(HOLDREGE, Neb.) – The Central Nebraska Public Power and Irrigation District board of directors discussed proposals from two engineering firms for investigations at Elwood Reservoir to study causes of and remedies to an area of seepage near the Carl T. Curtis Pump Station.
After much discussion, the board approved a bid from RJH Consultants, Inc. of Meridian, Colorado. RJH will be studying soil conditions and using geotechnical investigations to analyze the situation and make recommendations and identify costs for potential solutions.
RJH intends to collect data on soil conditions, conduct pump and seepage tests, and install monitoring wells. Other aspects of the study will include surveying the area involved and testing of results in a lab.
Hydraulic Operations Manager Cory Steinke said the extensive and detailed study will be designed to isolate the source of the seepage and develop either construction or operational solutions to the problem. He added that while the seepage diminished after Central reduced the volume of water in the reservoir, this project will ensure the continued safe operation of the facility.
The study could cost up to $148,200 over a 22-week period. In a related action, the board approved a budget amendment of $270,000 which includes funds for repairs if the study determines such action is needed.
Also at Monday’s meeting (conducted via videoconference):
- Civil Engineer Tyler Thulin reported that Lake McConaughy is currently at elevation 3,257.9 feet above sea level, or 88 percent capacity. Inflows to the lake have been around 3,700 cubic feet per second (cfs) while outflows from the lake are currently around 1,900 cfs. Recent releases of 500 cfs from the Environmental Account in the reservoir were suspended as showers passed through the area, but are expected to resume this week. Thulin also mentioned that snowpack levels in the North Platte and South Platte basins are all near average and beginning to melt at a rapid pace.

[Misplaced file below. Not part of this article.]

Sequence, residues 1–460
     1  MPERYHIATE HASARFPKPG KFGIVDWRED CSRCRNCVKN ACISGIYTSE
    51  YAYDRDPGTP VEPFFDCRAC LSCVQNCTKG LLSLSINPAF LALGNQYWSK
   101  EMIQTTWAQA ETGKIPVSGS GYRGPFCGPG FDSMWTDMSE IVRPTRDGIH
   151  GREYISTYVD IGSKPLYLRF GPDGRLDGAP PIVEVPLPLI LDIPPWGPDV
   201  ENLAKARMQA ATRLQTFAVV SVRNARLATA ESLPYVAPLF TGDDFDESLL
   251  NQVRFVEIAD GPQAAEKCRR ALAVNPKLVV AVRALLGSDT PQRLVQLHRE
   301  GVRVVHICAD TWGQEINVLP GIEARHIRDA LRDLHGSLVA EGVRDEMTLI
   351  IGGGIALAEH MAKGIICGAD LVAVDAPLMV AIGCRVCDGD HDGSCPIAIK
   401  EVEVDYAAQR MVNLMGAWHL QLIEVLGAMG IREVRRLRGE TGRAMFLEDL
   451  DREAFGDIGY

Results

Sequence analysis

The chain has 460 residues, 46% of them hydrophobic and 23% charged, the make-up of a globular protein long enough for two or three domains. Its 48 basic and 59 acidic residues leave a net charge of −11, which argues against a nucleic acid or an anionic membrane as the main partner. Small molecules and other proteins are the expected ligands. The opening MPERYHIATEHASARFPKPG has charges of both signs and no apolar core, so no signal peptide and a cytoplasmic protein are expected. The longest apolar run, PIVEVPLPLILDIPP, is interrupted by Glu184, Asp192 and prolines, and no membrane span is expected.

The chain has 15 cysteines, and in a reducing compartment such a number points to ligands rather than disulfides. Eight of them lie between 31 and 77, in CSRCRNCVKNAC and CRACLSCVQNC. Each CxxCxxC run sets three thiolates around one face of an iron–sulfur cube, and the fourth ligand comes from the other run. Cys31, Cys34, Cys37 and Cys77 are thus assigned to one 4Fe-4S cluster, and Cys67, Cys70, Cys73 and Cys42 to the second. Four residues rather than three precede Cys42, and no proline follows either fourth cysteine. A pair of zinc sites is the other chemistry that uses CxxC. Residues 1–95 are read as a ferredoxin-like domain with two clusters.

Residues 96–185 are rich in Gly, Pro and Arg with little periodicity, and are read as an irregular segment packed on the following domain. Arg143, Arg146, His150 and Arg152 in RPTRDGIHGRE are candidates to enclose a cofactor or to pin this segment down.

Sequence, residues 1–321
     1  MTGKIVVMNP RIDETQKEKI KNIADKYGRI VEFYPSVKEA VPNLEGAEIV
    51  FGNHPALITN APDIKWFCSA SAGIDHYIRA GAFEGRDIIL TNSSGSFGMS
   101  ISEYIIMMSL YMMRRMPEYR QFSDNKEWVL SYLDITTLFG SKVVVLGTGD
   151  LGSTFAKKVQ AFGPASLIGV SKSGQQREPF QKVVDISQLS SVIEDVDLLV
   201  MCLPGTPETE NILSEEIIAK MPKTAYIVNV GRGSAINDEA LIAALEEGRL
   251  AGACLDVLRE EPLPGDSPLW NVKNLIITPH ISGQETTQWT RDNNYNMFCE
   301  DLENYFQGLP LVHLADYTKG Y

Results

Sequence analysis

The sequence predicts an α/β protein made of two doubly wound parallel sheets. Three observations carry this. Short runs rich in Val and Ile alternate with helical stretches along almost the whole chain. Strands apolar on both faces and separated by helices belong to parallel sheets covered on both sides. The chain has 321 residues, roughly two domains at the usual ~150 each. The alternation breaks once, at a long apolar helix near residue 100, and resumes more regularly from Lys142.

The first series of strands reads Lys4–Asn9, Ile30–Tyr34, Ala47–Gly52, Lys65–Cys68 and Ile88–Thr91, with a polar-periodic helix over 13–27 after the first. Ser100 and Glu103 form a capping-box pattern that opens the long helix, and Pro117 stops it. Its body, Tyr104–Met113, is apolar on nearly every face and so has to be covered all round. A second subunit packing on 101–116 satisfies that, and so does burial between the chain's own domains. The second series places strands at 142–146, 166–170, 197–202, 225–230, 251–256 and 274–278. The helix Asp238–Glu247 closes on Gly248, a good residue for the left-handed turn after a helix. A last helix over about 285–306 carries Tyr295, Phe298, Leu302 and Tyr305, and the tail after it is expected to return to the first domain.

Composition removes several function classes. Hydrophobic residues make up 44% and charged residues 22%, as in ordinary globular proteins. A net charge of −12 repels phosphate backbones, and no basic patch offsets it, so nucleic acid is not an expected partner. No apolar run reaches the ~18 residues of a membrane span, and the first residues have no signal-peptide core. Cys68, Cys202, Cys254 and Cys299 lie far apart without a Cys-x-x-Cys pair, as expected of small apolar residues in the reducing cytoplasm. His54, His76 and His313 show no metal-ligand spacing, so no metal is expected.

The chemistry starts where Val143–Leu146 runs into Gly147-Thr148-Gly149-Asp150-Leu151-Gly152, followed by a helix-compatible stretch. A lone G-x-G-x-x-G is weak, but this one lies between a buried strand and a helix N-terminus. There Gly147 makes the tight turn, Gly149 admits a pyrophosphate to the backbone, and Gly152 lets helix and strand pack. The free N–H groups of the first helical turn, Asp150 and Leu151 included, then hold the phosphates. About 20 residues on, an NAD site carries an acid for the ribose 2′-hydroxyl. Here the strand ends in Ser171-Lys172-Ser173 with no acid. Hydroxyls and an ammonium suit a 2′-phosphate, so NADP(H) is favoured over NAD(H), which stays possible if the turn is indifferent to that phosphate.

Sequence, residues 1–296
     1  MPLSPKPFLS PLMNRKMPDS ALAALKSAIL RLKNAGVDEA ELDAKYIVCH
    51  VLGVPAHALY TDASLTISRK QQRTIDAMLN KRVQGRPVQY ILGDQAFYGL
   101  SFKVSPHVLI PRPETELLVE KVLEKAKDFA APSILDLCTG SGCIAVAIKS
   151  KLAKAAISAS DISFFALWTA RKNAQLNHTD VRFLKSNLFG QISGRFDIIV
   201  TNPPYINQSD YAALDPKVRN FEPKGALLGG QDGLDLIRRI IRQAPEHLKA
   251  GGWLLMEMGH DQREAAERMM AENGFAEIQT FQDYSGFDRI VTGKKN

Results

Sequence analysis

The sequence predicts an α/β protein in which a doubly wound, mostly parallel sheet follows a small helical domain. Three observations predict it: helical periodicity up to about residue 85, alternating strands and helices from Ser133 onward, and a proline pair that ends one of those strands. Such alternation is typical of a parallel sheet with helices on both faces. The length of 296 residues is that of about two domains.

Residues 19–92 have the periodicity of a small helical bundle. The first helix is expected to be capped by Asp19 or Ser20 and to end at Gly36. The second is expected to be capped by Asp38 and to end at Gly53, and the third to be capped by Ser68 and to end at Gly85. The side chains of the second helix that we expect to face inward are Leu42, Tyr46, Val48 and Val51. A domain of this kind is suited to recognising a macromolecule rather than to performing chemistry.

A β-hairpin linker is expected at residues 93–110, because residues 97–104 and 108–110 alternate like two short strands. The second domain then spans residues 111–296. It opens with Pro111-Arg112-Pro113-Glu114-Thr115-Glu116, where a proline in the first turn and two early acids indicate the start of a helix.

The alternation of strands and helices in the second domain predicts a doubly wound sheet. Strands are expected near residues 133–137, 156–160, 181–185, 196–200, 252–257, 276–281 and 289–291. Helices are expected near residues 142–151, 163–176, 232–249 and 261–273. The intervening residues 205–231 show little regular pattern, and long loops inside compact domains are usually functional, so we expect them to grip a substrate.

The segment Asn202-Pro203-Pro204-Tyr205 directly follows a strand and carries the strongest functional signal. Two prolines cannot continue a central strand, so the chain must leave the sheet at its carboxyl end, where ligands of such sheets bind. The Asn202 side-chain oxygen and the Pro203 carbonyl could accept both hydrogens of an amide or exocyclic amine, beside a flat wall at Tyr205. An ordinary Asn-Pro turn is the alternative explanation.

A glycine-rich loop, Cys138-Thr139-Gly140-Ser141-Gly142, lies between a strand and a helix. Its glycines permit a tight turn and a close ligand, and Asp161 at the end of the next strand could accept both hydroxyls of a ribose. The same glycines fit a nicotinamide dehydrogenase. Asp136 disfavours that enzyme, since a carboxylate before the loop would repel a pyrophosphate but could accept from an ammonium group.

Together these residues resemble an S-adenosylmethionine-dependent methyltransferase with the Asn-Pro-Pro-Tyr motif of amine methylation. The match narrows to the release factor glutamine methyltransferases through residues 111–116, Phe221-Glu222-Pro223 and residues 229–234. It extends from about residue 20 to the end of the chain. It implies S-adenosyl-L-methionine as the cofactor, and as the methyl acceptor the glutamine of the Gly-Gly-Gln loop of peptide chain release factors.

- The board accepted bids totaling $291,249 from Husker Steel of Columbus, Neb., for materials to replace the Supply Canal bridge east of Jeffrey Reservoir. Central employees will install the bridge.
- The board accepted a bid of $247,900 a new 2020 Caterpiller long-reach excavator from Nebraska Machinery Co., of North Platte, Neb.
- Government and Public Relations Manager Jeff Buettner reported that the annual Water & Natural Resources Tour held in conjunction with the Nebraska Water Center has been cancelled because coronavirus concerns would make traveling with such a large group inadvisable. The tour, originally scheduled for June 21-25 in northeast Nebraska, will be held next summer on dates to be announced.
- The board approved amendments to water service agreements with Tri-Basin Natural Resource District and the Nebraska Department of Natural Resources for Groundwater Recharge in the Waterfowl Production Areas and on the E-65 canal, Phelps Canal, and at Elwood reservoir.
- The board approved Water Exchange Agreements with Nebraska Public Power District and the Central Platte Natural Resources District which allow the districts to receive credits in the Environmental Account at Lake McConaughy in exchange for unused surface water irrigation on an agreed number of acres during the year 2020.
- Irrigation Operations Manager Dave Ford presented semi-annual readings from Central’s network of observation wells. Ford mentioned that the majority of wells saw an increase in levels between Spring 2019 and Spring 2020 readings, due to timely precipitation. Over the past ten years, wells in the western part of the irrigated area have generally showed increases in groundwater levels, while wells in the eastern part of the irrigated area on the Phelps Canal generally showed decreases.
- Electrical Project Operations Manager Eric Hixson reported that work schedules for the systems control operators, who operate Central’s supervisory control and data acquisition control center, will be altered to provide isolation and utilize the back-up control room facilities. An increase in coronavirus cases in counties where District offices are located caused management to make the decision to limit the number of personnel at each location to help slow the spread, protect the health of District personnel while continuing to provide reliable energy production and water to irrigation customers.